Category: Great Ideas

from In Defense of Literacy

Snug within the book-bricked walls of a University, it may not seem that literacy is under threat. However, there is a great tradition of humanisticcommentators taking on the role of reminder to bid us keep in mind that literacy in its broadest conception is not just about the ability to decipher meaning out of written […]

Why Criminal Justice Isn’t Just

“Justice” is something of a buzz word in the Core: what it means, how it should be administered, and what constitutes a crime are just a few of the topics that are addressed by writers like Plato, Aristotle, Confucius, and Dante. For the most part, these great thinkers propose systems wherein criminals are punished retroactively […]

Have It Your Way: Cheeseburgers and Moral Responsility

Here at the Core, we spend a great deal of time examining a wide range of perspectives on morality, returning semester after semester to examine questions such as “how do we define right and wrong?” and even “do right and wrong really exist?” As we explore these ethical questions through the lenses of science, literature, […]

“The Meaning of Human Existence”

  Biologist Edward O. Wilson has spent his life studying evolutionary biology, writing books, and winning Pulitzer prizes, among other things. He is still going strong at 85 years old, and recently published “The Meaning of Human Existence,” a book intended to explain and convince the general public of the scientific theory of evolution. Drawing […]

Wander with Odysseus: The Odyssey as an Alternate Reality Game

What if instead of simply reading about Odysseus’s journey, you could experience it with him? John Fallon, an innovative middle school teacher, had the idea to craft an alternate reality game (ARG) to help build enthusiasm for classics like the Odyssey  in his seventh-grade class. Rather than merely reading about the adventures of Odysseus in […]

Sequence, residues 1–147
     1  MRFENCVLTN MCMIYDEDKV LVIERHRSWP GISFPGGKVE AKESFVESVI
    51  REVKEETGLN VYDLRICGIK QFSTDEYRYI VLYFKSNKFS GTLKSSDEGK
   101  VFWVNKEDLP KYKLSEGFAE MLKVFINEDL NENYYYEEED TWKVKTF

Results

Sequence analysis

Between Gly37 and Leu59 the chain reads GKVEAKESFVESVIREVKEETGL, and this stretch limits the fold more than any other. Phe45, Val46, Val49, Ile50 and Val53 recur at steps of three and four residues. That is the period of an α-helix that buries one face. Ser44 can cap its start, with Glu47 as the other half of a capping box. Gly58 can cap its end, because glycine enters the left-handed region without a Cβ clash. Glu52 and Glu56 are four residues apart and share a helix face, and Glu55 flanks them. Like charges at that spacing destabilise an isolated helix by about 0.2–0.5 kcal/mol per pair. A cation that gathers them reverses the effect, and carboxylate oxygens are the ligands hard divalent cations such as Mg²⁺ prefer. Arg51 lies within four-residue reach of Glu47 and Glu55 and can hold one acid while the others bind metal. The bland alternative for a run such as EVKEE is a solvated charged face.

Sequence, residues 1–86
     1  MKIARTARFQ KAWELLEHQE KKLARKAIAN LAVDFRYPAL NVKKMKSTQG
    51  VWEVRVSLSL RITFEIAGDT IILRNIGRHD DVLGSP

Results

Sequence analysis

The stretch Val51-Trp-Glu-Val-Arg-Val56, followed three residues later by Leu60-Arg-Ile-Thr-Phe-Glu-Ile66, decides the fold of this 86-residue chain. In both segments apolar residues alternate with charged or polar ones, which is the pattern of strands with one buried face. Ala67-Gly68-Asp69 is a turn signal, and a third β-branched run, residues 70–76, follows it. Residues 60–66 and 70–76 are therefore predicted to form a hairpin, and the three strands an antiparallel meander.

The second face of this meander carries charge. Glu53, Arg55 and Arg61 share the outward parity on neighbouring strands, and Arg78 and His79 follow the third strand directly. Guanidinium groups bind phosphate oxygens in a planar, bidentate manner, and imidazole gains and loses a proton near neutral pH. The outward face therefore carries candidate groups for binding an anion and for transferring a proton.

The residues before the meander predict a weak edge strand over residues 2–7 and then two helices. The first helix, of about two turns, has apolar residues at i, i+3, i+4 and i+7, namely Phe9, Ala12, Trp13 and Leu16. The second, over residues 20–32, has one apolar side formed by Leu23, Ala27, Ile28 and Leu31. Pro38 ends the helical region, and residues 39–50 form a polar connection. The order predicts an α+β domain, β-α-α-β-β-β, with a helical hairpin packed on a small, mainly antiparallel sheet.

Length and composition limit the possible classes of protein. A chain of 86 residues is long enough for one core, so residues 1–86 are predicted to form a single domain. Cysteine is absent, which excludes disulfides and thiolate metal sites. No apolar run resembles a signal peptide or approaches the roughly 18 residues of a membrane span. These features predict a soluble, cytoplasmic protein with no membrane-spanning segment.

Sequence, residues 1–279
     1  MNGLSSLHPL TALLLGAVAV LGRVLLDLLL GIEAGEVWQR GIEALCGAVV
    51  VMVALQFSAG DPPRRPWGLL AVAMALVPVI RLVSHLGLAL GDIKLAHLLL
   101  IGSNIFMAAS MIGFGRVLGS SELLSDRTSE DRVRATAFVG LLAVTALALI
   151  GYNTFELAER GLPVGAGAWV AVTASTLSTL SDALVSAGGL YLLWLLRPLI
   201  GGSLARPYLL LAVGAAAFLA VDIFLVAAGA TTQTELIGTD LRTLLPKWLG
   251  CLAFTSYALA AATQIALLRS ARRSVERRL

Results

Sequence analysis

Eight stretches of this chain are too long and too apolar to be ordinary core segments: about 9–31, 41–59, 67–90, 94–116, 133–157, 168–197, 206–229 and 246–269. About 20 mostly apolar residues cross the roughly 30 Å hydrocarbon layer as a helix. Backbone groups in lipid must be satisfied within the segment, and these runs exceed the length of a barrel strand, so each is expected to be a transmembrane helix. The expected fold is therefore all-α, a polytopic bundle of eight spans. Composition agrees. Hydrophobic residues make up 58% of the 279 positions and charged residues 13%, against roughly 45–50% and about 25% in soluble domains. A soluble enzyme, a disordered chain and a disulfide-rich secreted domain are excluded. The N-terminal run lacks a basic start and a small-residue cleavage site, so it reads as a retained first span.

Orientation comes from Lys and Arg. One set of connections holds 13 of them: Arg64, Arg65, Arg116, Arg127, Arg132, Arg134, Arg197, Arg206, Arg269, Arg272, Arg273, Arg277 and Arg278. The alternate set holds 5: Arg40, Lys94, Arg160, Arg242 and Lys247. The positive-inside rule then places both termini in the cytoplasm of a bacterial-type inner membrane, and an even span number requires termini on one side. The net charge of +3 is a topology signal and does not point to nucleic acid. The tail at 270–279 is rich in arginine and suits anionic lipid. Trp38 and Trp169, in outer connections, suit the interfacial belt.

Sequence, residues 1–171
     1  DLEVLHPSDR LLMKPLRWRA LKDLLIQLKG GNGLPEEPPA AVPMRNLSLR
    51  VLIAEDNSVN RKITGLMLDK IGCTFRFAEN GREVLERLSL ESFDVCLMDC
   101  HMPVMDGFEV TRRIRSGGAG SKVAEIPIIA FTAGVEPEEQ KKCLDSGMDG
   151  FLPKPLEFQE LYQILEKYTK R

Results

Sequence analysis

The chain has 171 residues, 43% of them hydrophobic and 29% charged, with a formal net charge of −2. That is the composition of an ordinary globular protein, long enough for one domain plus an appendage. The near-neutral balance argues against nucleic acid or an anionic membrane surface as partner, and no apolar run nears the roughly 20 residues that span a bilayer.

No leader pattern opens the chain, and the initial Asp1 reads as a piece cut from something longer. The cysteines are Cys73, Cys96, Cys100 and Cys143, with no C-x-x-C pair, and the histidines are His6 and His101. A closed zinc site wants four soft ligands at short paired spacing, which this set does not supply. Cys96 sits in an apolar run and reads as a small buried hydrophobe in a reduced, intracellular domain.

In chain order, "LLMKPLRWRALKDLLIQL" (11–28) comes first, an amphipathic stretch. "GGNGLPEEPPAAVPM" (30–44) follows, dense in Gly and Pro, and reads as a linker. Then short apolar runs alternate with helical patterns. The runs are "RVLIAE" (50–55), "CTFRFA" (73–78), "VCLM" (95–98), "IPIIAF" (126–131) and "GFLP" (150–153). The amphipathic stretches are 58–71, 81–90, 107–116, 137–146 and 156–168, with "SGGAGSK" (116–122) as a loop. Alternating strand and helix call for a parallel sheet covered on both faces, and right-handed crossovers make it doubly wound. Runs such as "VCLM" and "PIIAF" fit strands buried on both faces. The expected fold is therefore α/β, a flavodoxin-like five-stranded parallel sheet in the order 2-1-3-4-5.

Esposito introducing Bible lecture with Elie Wiesel

This past Tuesday, September 9th, Prof. Michael Zank of the Department of Religion lectured to students in the first-year Humanities about the Hebrew Bible. His talk was introduced with some very moving comments by Prof. Stephen Esposito (Classics), the course coordinator. Prof. Esposito has agreed to let us republish his introduction here on the Core […]

Daodejing & bright vs. dark

This semester, CC102 has delved into the Daodejing and all the wonderful concepts it illuminates. Andrew Klufas, a student in Professor Nelson’s class, sent in an video of interest: What’s The Brightest Thing in the Universe? It’s creator, Vsauce, makes popular and informative videos on Youtube. Here, we see how Core Science meets Core Humanities: There is […]

David Green on Core and the canon

Prompted by Dean Sapiro’s lecture on Mary Wollstonecraft to question why there are so few women authors in the Core Humanities, Prof. David Green had his CC 202 students this week  momentarily put aside Pride and Prejudice and the question of whether happiness in marriage is a matter of chance to consider the criteria for […]

What would Plato Tweet?

With cerebral momentum from yesterday’s post on why philosophy won’t go away, let’s move on to another question raised by the same author, Rebecca Goldstein: what would Plato Tweet? Goldstein likens the modern social media attention-seeking frenzy to the ancient Greek striving for kleos, which, as students will remember from CC101, is somewhat equivalent to “glory”. […]

Alumnus Ben Howe & his Core-themed brewery

Ben Howe (CAS ’07), an entrepreneurial Core Curriculum alumnus, has opened a nano brewery and appropriately named it Enlightenment Ales! To our delight, the titles of his individual ales are, in our minds, very much Core-themed: Cosmos, Illumination, Enlightenment. As Ben describes on the company website, the nano brewery makes Bière de Champagne. For the laymen in brewery […]